Similarly if have adequate tolerance on all other duration’s, then the total fee should have adequate juggle room, to allow for redistributing the costs at the end of the project when actual duration’s may be known. Though in many circumstances the detailed breakdown of task cost is not known, as it is far too expensive to monitor the work to that level of detail. For example most consultants only track whole hours, some break time down into 15 minute blocks, with respect to employee time and the projects they have been working on. Whilst they may determine fees based on on whole days and or weeks depending on typical length of projects. So a project of only 2 hours duration would be charged for a whole day, they would likely expect the project to go away as being too small for their business.

However if don’t have hourly paid employees then time can be more directly considered a poor measure of work and its value, and we can move away from selling time. Time is an indirect measure because the duration for the task is unknown and uncertain, and the hourly rate is itself is just an arbitrary number. So neither duration or hourly rate are constants. Whilst the market value is also not a constant, as it varies with the individual: but for a given market sector it maybe considered near enough constant.

If the market price or value is constant, then there is more than one way that the two numbers duration and hourly rate can used to produce that constant. That is there are multiple solutions to the equation: Price=Time*rate. Given the price and any of the other two factors, we can calculate the other.

So we can make a judgement of the price, then work backwards and decide an hourly rate or a duration. If we don’t like the results then we repeat, until all three variables are found to have acceptable values. Also it is not the hourly rate for an individual project which matters but the average hourly rate for the year across all projects: or more to the point the total income generated for the year. Can we cover our expenses? Can we reduce the time we take to generate the income required? What do we do with the spare time?

As I have mentioned before most builders are not interested in reducing construction time. They sell time, if the time reduces then their income reduces. If they finish the project sooner, then they have to find another project. Projects are not abundant and tend to be seasonal, with the seasons spanning years. So could have 5 years with many projects, then 10 years with few projects. Is it possible to remove time from their costings? How well do they estimate time? Time will have to be indirectly involved as long as employees are on hourly rates rather than some incentive payment scheme.

Some builders do avoid time, by basing estimates on area rates, such as \$/sq.m, with the area rates changing with the nature of the project. They may also have fixed rates for various tasks, or use percentage rates based on associated costs, such as the cost of materials. For example the rule of 3 may apply again, where by the cost of materials is multiplied by 3 to get the total cost of the project, which hopefully covers the labour costs involved.

What happens to value pricing, when the market determines the costs, and starts valuing things at no more than their cost? Sheds and carports for example people can determine the cost of materials at retail prices. When they do such costing, they usually find the prices from suppliers to be far too high if not extortionate. They then decide to fabricate and build themselves. If they don’t have the resources and capability to fabricate and construct themselves, then such option is not available to them, and they have to buy from the suppliers.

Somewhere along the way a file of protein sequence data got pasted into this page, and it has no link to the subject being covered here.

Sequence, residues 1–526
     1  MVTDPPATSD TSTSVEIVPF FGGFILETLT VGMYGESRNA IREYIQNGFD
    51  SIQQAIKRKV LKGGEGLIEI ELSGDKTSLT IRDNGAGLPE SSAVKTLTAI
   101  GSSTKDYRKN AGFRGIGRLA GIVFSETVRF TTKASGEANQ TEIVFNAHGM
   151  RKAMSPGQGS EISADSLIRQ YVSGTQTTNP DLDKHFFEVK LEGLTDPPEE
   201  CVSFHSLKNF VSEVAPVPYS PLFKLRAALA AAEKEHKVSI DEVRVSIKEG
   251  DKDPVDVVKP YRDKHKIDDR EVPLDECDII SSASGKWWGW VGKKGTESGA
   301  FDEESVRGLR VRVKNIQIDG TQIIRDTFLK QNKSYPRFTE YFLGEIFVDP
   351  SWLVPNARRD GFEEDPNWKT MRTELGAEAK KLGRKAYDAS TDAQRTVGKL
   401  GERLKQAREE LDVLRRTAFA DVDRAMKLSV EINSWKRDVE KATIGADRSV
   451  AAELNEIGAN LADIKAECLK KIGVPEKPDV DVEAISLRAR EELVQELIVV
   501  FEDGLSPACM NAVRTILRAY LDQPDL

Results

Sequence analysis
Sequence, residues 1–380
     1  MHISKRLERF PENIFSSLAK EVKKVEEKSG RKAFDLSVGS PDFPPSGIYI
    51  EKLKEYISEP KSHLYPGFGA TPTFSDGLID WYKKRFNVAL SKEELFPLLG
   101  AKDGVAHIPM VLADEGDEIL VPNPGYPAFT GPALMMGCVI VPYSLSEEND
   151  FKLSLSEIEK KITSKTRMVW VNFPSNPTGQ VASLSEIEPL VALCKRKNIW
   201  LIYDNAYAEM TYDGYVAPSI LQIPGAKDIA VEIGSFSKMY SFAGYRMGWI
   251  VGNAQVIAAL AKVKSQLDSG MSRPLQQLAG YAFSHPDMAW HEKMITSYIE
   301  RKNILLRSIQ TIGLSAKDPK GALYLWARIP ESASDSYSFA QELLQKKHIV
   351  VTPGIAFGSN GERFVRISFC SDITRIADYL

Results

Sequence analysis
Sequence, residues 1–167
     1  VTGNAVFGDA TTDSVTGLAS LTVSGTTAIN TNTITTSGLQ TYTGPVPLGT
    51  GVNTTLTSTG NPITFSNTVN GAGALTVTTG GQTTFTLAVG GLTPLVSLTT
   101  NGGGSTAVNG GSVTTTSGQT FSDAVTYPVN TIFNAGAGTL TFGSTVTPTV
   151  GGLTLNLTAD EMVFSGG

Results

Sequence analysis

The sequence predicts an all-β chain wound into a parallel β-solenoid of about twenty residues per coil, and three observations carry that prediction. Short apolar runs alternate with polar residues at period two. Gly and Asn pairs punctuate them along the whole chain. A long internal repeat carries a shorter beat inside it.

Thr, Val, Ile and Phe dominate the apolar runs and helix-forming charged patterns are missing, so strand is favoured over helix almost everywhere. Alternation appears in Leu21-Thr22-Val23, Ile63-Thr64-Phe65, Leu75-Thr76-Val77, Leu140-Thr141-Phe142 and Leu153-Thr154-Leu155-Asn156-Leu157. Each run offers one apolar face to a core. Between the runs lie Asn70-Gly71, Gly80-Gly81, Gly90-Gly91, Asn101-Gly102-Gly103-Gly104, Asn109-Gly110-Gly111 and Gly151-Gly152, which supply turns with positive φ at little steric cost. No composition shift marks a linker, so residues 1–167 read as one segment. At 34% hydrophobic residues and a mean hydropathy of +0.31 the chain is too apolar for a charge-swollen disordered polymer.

However no supplier has to aim for maximum profit. They could place supplying and satisfying a need, as the purpose of business rather than maximising profit. Such supplier may then reduce their per unit profits and supply at lower price. Their objective to increase sales volume, rather than maximise profit from volume sold. They achieve the funds they need to finance their current and future activities, with reasonable reserve and no more than determined to be needed.

So we can partially get away from time, by considering various small tasks and the duration of those tasks and the cost from hourly rates. However once we have set a rate for the task, we don’t adjust its future value based on adjusted hourly rates, we simply judge a new rate for the task. In same manner to the judgement of the new hourly rates. Put simply the federal minimum wage and the industrial award rates of pay are all based on subjective judgement. Even if calculated, the values going into the calculations are a matter of subjective judgement.

Hourly wage rates are a matter of negotiation, bargaining and haggling: reconciling the conflict between two opposing subjective judgements. There are some things however we don’t expect to haggle over price, such as medical services, and many other services. If the wages are a matter of subjective judgement, then anything derived from the rates is also a matter of subjective judgement.

Today many of the things we need are judged to have too high a price. The problem is the hourly rates are too high for the hours which are needed for the work. The problem is the average hourly rate needs to be reduced, the work therefore needs subdividing between people of different pay rates or the individual gets paid different rates for different tasks.

The whole is different than the sum of its parts: it could be more or it could be less than the sum, all that is certain is that it is different.

So as I said the process is iterative. Deciding on the parts, judging the parts, then calculating the total, judging the total and returning to the parts and adjusting, until all parts and whole are acceptable. Of course the result may not be acceptable to the market. But that just represents another input to the iterations. Generally my judgment is on the low side, the only time I get a high fee is when someone else makes the offer. So I won’t be haggling any time soon.

Revisions:

1. [29/12/2019]: Original